Flavorful Herb Growing in a Garden
Due to its strong aroma, rosemary prevents pests from reaching other plants.

This Mediterranean native thrives in hot, dry climates with poor, well-drained soils. The fragrance is distinctive, used widely in culinary and medicinal applications. Not only will rosemary work well in the garden with bell peppers, they can also be used in a dish together.

With its fragrant aroma, rosemary can make it more difficult for pests to find your pepper plants. Rosemary is grown as a perennial in hardiness zones 7 and higher.


Masks peppers’ scent and repels pests.

How to Plant It

Never plant rosemary (or any perennial herb) directly in your annual vegetable beds. It can grow fairly tall and bushy, in turn shading out your crops. Instead, reap the benefits of this companion by growing it in ornamental border beds within a few feet of your pepper patch.

Floral Companions

Flowers perform far more functions than mere beauty! These comrades can drastically improve the ecological balance of your garden while boosting pollination rates, yields, and natural resilience against pests.

Sweet Alyssum

Delicate White Flowers Growing on a Sunny Day
These incredibly fragrant flowers attract pollinators and beneficial insects to your garden.

The quintessential companion plant, I keep sweet alyssum planted in every garden bed with every crop. It is truly a workhorse in the garden that gets along with most other garden veggies. As a low-growing, gentle shrub, sweet alyssums’ abundance of nectar-rich blooms are addicting to pollinators and beneficial insects.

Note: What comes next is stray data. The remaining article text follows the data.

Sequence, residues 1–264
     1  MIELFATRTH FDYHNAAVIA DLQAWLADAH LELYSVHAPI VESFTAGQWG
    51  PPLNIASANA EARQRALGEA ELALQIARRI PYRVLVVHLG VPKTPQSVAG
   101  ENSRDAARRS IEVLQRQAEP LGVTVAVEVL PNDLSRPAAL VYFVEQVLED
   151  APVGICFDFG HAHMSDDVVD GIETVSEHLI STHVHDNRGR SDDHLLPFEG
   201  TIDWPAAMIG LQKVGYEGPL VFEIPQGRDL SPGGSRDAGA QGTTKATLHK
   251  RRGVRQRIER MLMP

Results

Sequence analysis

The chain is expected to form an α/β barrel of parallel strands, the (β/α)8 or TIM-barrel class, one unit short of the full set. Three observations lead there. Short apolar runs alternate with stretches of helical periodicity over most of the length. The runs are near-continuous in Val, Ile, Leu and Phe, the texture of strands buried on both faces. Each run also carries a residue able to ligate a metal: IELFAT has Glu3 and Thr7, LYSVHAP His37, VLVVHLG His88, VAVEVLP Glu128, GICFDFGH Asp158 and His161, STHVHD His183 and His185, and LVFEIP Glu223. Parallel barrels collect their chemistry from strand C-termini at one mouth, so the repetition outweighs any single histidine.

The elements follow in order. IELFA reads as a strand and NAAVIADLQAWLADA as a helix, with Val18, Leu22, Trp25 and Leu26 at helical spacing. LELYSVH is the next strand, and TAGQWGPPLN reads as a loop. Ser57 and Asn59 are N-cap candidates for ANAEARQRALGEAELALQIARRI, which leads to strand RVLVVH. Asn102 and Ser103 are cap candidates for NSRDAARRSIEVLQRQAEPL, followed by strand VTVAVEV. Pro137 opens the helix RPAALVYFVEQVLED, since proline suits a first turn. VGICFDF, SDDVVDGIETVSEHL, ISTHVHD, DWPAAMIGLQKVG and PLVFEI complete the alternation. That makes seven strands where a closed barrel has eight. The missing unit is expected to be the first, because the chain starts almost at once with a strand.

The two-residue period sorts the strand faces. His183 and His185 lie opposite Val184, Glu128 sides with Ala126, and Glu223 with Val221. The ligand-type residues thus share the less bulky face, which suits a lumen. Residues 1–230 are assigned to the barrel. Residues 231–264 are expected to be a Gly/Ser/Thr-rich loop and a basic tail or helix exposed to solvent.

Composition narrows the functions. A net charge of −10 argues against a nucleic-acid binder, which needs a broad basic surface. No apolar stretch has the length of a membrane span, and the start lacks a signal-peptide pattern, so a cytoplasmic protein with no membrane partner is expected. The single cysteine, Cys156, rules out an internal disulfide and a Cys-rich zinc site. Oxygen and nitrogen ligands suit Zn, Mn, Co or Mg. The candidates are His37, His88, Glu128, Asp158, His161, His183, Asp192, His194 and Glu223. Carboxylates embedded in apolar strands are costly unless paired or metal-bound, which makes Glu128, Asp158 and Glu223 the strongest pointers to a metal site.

This flower is scientifically-proven to prevent aphid infestations by attracting voracious pest-eaters like ladybugs, parasitic wasps, lacewings, and hoverflies. At the same time, alyssum’s stout mound-like growth can help suppress weeds beneath your pepper plants.


Attract pollinators, create habitat for beneficial insects, and suppress weeds.

How to Plant It

Seed or transplant this easy-to-grow flower anywhere in the garden. I often put it every couple of feet along a pepper row. It is not aggressive or invasive, so you can scatter seeds liberally as a protective barrier around veggie beds.